The Sacramental Aspects of Praying in Holy Week

The Sacramental Aspects of Praying in Holy Week

by Chris Sullivan

We pursue our daily relationship with the Lord through various forms of private prayer. The liturgy of the Church unites us in corporate prayer. The liturgical celebrations of Holy Week, perhaps more than any others, can remind us of the richness available to us when we gather to pray and worship in communion with one another.

When we gather for Mass we believe that our souls and voices are raised together in prayer with those of the whole Communion of Saints and the angels in heaven. The Second Vatican Council’s Constitution on the Sacred Liturgy declares that the assembled people of God are one aspect of the four-fold manifestation of Christ’s presence (#7). Together with the priest, the Word of God, and the Eucharist, we incarnate Christ in the Mass. Our presence in the worshipping community becomes the vessel through which God pours sacramental grace.

The sacramental aspects of the Church’s liturgical prayer can awaken our minds and our senses to the reality of the mysteries we celebrate. The Catechism affirms: “As a being at once body and spirit, man expresses and perceives spiritual realities through physical signs and symbols. As a social being, man needs signs and symbols to communicate with others, through language, gestures, and actions. The same holds true for his relationship with God” (#1146). For us Catholic Christians, the passion, death, and Resurrection of the Lord are not events that happened in the distant past; they are real in this moment, active in our own lives. We experience this mystery as we relate to one another and to God and as we engage our own physicality.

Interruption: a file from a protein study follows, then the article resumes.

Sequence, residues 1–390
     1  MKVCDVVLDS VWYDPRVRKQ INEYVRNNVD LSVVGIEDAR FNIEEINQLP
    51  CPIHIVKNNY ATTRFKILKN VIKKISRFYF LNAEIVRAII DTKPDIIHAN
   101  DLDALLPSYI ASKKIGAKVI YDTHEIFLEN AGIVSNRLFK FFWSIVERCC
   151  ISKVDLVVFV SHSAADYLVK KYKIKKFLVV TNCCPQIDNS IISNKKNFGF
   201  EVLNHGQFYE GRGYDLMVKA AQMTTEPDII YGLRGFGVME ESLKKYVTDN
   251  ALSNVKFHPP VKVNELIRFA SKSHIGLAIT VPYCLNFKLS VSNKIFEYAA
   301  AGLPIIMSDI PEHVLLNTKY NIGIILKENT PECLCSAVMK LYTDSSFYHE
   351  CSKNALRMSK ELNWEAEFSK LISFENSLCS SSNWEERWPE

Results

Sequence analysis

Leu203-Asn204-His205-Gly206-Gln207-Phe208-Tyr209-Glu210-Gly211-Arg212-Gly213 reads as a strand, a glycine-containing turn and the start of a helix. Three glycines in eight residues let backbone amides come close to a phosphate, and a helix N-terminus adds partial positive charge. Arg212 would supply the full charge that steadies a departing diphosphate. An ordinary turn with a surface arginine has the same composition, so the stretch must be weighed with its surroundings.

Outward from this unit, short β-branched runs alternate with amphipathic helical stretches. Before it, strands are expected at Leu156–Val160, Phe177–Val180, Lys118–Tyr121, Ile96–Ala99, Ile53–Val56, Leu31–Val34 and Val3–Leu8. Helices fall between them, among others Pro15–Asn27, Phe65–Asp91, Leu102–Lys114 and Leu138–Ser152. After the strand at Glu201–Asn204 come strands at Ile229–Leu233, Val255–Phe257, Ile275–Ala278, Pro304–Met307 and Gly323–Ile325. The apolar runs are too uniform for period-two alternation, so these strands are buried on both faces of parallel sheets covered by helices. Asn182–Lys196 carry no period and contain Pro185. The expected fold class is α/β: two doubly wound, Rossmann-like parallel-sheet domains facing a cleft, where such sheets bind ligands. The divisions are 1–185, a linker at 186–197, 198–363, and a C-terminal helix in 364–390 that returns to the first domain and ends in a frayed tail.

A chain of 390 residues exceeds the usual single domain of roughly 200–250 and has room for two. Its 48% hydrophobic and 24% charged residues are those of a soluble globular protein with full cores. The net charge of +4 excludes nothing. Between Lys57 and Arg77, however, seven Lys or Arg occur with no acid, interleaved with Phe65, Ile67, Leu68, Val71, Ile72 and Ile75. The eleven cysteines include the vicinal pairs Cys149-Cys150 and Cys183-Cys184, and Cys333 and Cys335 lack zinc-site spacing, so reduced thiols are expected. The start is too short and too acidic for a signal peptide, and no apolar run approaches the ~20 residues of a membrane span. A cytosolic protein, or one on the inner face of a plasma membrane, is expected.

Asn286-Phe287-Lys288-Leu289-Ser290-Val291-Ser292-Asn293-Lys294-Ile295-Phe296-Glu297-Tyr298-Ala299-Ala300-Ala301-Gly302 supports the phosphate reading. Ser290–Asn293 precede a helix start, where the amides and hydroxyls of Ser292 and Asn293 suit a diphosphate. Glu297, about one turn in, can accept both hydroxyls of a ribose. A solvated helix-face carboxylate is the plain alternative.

Think of the many ways we use our bodies and the gifts of creation in the liturgies of Holy Week: We wave palm branches. We kneel at the proclamation of the death of the Lord. We use water to wash one another’s feet. We touch or kiss the wood of the cross. The Easter Vigil alone offers us a symphony for our bodily senses—fire, incense, bells, water, oil, and of course, bread and wine.

The central mystery of our faith is the Incarnation of God. Never is the humanity of Jesus more clearly revealed than on the cross. As we enter into the mysteries from Palm/Passion Sunday through the Resurrection joy of Easter, we can pray with the fullness of our own bodies, as sisters and brothers united spiritually in the Body of Christ, with knowledge of the grace of God infusing all of creation.

  • What signs and symbols in this sacred season are most meaningful to you?
  • How might you use the physicality of your body and God’s creation in your private prayer?
  • What additional opportunities might you take advantage of to pray with others as a member of the Body of Christ?

Chris Sullivan 

Chris Sullivan is a writer, speaker, and spiritual director-in-training. Chris works within her own Roman Catholic faith community as well as in interdenominational Christian ministry in the areas of faith formation, training, and emotional and spiritual healing work.

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